Sight fishing for snook along area beaches is not a secret among local anglers, but it is not widespread knowledge throughout the country. But, that fact is that anyone with a little stamina to walk, a fly rod, the ability to cast 40 feet and a bit of patience can enjoy this experience. As in all fishing, there are nuances that will help fly caster be more successful.
Snook begin migrating out of the back bays and onto the beaches in April, especially in the southern region, and are usually thick by June. They are out there to spawn, but will certainly take a well presented fly. In fact, fly fishing is probably the most effective approach as these fly lands so softly and the fish are in quite shallow water.
The general weather pattern in the summer is for the wind to lay down around midnight, and blow lightly out of the ease or southeast in the morning. The beach should be calm with relatively little surf. Too much chop will stir the water up, making it very difficult to spot snook. By noon the sea breeze will kick up and it will continue to pick up throughout the afternoon.
Beach snook fishing techniques
The technique is relatively simple. Get out on the beach around 7:30, no need to get there too early as it will be too dark to see any fish. Choose a section of beach that has few swimmers, though that usually isn’t an issue that early. The best fishing will be walking north, with the wind and sun at the anglers back. Armed with a 7wt to 9wt outfit, a long leader with a 25lb-30lb tippet and a #2 white D.T. Special, Crystal Minnow, or any small pattern, the angler heads out, walking 15 feet or so away from the water, with 40 feet or so of line coiled in his hand, ready to make a quick cast. This will give a good vantage point to spot fish.
Most snook will be seen right in the surf line, withing a few feet of shore. There is very little structure on most beaches, therefore any rocks, pilings, or other structure can be very good spots. The same goes for beaches near passes, they can be fantastic places to fish. Otherwise, look for schools of bait fish or just seeing snook in the water.
Snook will range from loners to quite large schools, but mostly commonly will be seen in groups of several fish. The angler needs to determine which way they are heading. If they are coming towards the angler, he needs only stop, wait for the fish, and present the fly ahead of them. Subtle strips work best.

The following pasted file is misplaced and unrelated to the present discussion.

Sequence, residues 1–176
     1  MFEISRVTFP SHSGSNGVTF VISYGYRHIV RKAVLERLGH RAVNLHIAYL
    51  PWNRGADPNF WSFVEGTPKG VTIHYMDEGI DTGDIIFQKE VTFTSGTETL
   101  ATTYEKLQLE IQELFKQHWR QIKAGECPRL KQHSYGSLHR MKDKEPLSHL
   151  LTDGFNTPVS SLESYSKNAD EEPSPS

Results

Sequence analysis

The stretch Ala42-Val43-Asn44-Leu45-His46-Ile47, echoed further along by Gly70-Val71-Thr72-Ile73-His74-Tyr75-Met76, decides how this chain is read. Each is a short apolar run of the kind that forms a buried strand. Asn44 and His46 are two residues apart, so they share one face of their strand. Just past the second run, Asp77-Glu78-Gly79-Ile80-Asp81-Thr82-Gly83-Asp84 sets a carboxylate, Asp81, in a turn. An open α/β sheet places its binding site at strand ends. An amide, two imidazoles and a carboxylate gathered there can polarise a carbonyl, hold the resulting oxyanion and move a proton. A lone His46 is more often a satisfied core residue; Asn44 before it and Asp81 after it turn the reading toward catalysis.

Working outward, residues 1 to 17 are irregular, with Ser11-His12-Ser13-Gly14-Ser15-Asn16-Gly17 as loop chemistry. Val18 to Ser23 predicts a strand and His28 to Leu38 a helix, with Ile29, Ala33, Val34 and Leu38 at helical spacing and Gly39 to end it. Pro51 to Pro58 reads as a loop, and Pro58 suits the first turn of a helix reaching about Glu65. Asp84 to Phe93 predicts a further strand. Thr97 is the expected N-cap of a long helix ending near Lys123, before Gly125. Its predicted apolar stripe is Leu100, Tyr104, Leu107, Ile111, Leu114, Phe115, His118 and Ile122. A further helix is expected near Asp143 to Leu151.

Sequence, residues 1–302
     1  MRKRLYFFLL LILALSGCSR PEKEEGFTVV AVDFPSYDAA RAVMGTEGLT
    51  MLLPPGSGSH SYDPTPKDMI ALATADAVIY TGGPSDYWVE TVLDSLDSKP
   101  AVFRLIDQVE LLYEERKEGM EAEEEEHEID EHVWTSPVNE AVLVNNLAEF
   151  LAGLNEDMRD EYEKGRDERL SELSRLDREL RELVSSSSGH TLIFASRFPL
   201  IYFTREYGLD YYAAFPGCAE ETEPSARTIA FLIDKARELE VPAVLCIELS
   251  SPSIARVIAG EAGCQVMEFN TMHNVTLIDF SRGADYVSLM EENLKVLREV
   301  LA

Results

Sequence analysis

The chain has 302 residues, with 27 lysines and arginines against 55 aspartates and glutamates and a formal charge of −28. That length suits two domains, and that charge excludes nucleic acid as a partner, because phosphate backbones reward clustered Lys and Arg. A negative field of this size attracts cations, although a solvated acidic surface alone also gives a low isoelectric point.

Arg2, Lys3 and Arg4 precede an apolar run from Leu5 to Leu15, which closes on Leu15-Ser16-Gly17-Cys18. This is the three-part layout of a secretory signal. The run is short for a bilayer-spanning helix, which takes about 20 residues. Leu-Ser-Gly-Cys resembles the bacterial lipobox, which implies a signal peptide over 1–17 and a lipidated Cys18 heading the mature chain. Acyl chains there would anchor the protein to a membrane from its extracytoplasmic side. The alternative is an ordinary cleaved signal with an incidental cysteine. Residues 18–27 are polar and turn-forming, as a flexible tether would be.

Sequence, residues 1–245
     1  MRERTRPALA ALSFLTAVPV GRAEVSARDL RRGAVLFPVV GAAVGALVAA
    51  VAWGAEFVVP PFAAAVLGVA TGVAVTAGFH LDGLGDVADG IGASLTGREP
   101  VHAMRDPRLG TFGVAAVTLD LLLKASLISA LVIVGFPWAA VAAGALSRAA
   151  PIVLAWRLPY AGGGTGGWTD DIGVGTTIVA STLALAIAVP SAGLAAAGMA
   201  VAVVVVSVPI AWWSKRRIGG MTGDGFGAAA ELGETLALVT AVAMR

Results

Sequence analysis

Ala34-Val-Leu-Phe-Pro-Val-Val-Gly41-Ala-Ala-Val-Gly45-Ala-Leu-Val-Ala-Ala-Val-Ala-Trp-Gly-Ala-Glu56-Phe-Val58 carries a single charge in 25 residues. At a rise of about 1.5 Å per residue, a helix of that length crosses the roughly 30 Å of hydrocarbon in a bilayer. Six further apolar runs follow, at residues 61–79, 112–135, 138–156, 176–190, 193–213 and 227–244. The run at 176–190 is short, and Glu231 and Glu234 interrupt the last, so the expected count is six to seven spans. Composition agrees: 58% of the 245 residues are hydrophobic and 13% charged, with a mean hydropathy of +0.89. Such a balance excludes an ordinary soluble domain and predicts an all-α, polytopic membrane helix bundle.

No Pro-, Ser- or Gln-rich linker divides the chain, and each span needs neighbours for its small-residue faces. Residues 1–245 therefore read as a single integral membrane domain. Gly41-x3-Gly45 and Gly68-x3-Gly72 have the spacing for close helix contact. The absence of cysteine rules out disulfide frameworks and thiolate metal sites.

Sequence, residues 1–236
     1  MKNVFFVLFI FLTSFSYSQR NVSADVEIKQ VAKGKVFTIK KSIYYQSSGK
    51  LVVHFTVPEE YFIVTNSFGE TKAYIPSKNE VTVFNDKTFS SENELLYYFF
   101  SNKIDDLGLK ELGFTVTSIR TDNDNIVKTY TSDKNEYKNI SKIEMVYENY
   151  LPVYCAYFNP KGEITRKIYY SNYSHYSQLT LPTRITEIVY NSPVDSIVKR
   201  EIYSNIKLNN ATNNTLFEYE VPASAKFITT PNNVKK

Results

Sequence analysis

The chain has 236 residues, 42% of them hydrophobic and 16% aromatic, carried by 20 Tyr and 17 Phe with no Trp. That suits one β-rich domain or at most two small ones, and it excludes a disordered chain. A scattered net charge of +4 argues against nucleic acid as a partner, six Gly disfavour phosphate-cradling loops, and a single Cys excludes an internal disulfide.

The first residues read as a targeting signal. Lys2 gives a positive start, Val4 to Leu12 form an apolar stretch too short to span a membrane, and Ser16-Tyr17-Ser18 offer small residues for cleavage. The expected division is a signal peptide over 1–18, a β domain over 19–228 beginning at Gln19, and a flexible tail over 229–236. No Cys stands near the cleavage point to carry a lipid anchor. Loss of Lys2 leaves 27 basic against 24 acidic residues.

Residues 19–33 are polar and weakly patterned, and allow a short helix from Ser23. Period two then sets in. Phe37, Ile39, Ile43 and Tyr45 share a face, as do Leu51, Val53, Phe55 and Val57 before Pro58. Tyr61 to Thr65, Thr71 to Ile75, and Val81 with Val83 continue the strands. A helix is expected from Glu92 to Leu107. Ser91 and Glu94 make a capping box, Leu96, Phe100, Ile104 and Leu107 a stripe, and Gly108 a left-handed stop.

If the fish is heading away, most of the time they are moving slow enough that the angler can walk around and get ahead of them, then present the fly. As in all fly fishing, there will be refusals, but plenty of takes as well. Many of the fish are “schoolies” but there will be some trophy snook fish as well! Anglers may occasionally encounter redfish, jacks, msackerel, and other species as well.
Siesta Key Snook Fishing produces other species
While the equipment requirements are minimal, there are a few things required to be comfortable and achieve success. A had, good polarized sunglasses, sunscreen, and water are a few essentials. Comfortable shoes that are still comfortable when wet are important as well. A fanny pack is practical for toting water, sunscreen, leader material, and some flies. Some anglers fin a stripping basket to be an invaluable tool, keeping fly line out of the surf and not under foot. While the walk back may be into the sun and wind, keep a sharp eye out. It is amazing how fish will suddenly appear!
While sight casting to snook is the most glamorous opportunity, fly anglers do have options during other times of year, particularly in the spring and fall. A couple days of east wind will result in calm, clear water along the beach and this will bring in the bait and of course the gamefish. Spanish mackerel, bluefish, jacks, ladyfish, and other species will come within range of a decent caster. Clouser Minnow and D.T. Special patterns are solid producers.
Spin anglers are not to be left out when trying to catch snook off the area beaches. Point of Rocks on Siesta Key and the mouths of both New Pass and Big Sarasota Pass on Lido Key are prime spots. As in fly fishing, a subtle presentation is important. Small white lures such as bucktail jigs, soft plastic baits, and plugs all work well. Anglers who prefer live bait will do well on Sarasota snook using large shrimp, pilchards, and pinfish. Keeping bait alive in the summer can be challenging.
Seasonal Snook Migrations
Most anglers are aware of the fact that many species of fish migrate along the Gulf Coast and are generally caught at certain times of the year. Spanish and king mackerel along with false albacore and cobia move through in the spring and again in the fall. Tarpon make their big push in the warmer months, starting in early May. Sheepshead are thick in late winter and spring. But, resident fish also make local migrations and none more distinctly that perhaps the most popular inshore gamefish in Florida; snook. So, let’s go through the annual snook migration pattern.